Methods: This multicenter observational study was conducted in 2016 in 58 dialysis centers in Iran. Data of a total number of 7191 chronic hemodialysis patients aged older than 18 years with a dialysis duration of > 3 months were collected. Idiopathic hypercalcemia and history of parathyroidectomy were considered as the exclusion criteria. The serum levels of calcium (Ca), phosphorus (P), and intact parathyroid hormone (iPTH) were measured over a period of three months, and the findings were compared with the K/DOQI (National Kidney Foundation Dialysis Outcomes Quality Initiative) guidelines. Moreover, the serum level of C-reactive protein (CRP) and nutritional status based on geriatric nutritional risk index (GNRI) were assessed.

Results: The percentage of the patients who had a serum iPTH level of < 150 pg/mL was 46% while that of patients with iPTH of > 300 pg/mL was 29.3%. Hypercalcemia and hyperphosphatemia were observed in 20.6% and 34.2% of the patients, respectively. Moreover, 51.7%, 61.3%, 24.7%, and 84.7% of the patients, respectively, reached the K/DOQI target range of Ca, P, iPTH, and Ca × P product. The percentages of mild-to-severe malnutrition based on GNRI in patients whose iPTH level was within, below, and above the recommended range of K/DOQI guidelines were 30.7%, 34.1%, and 25.9%, respectively (P < 0.001). Furthermore, the serum level of CRP was significantly higher in low-serum PTH patients than in the other two groups. In total, only could 8.3% of the patients reach the four KDOQI target levels of CKD-MBD.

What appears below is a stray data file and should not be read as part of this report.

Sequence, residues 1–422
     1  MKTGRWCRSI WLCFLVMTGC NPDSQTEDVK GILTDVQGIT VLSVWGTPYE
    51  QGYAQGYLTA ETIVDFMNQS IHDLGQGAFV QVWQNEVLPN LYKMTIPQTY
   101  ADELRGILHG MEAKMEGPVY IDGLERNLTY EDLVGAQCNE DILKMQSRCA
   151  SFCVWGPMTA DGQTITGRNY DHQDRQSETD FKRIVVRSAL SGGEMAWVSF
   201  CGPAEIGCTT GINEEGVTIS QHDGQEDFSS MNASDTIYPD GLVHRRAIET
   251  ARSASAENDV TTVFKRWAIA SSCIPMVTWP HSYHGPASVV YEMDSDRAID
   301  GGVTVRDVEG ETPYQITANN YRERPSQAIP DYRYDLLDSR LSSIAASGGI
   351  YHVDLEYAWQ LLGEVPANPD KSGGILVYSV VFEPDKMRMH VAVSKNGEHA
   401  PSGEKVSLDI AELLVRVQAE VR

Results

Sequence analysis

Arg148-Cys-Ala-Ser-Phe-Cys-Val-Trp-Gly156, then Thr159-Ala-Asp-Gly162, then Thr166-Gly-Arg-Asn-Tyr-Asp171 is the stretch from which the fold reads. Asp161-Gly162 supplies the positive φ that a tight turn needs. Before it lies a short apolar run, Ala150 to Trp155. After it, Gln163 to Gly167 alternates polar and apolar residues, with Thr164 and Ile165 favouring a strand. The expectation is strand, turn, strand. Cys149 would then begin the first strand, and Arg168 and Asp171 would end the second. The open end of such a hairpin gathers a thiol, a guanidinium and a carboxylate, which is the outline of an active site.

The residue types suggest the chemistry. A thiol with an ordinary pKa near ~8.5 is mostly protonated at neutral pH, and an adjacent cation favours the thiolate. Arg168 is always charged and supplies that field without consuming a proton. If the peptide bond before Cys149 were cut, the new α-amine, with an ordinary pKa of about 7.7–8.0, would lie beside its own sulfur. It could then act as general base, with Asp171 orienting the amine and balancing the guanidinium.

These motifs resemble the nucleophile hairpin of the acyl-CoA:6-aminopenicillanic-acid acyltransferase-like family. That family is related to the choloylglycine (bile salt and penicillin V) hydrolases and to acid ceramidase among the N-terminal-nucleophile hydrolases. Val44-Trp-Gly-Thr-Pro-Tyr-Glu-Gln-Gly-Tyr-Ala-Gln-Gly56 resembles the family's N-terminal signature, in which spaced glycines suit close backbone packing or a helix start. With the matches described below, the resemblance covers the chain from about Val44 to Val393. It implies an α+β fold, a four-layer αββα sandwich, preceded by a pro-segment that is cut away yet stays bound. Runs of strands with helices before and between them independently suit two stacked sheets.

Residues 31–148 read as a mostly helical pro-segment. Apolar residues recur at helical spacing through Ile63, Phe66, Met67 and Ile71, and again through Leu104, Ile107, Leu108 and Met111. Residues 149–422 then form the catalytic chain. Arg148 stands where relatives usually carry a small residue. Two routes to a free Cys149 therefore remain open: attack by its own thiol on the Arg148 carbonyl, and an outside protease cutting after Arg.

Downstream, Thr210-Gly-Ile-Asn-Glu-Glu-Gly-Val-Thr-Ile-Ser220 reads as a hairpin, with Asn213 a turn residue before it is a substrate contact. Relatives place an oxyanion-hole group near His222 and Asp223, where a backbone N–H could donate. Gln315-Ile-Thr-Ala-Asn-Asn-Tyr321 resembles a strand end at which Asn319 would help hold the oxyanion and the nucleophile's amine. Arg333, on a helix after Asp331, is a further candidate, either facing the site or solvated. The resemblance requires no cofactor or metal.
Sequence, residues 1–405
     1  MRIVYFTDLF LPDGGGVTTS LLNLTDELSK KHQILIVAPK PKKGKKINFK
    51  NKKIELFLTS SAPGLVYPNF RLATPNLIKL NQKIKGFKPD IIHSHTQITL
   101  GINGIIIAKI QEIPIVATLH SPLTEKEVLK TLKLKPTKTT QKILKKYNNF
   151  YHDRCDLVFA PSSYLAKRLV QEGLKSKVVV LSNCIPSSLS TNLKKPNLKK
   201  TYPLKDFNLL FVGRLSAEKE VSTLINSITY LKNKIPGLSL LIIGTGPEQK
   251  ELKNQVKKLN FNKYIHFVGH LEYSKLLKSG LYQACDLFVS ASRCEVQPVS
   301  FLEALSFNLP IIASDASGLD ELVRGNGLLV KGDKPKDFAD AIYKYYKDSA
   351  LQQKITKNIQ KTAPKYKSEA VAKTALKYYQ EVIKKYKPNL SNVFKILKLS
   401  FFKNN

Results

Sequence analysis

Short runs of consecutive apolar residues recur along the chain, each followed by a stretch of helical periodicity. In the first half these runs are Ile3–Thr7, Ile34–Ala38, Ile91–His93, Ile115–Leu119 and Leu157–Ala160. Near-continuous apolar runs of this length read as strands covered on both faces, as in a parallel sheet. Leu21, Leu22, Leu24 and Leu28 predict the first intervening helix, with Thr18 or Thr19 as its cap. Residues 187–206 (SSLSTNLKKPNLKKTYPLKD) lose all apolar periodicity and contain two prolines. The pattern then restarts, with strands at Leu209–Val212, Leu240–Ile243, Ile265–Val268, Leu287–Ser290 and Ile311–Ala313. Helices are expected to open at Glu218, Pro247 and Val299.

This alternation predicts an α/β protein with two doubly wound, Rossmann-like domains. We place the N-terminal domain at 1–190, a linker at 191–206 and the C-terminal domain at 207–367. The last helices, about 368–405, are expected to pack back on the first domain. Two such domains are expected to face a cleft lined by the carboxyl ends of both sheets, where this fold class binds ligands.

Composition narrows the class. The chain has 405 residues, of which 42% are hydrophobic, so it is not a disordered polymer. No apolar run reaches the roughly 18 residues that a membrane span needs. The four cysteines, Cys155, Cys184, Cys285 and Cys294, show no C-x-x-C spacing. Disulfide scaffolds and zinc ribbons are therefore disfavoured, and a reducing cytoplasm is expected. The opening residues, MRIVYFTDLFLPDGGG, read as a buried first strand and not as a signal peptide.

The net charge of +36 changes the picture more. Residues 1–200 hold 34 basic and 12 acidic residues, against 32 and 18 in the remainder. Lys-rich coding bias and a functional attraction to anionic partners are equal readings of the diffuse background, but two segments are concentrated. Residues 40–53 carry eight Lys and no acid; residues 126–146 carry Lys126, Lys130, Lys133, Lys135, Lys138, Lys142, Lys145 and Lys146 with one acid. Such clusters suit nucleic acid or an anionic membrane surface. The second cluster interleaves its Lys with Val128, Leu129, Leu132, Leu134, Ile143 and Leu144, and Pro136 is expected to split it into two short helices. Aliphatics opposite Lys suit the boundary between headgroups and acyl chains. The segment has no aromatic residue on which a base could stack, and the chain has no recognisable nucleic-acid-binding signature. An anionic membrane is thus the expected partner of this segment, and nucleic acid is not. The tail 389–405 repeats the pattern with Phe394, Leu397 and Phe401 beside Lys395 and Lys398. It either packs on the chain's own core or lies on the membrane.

Conclusions: The findings showed a significant percentage of patients had a low serum PTH level, which might be attributed to inflammatory and nutritional factors. Only had a small percentage of patients reached all the K/DOQI targets. Therefore, the effects of inflammatory and nutritional factors should also be considered, particularly in developing countries.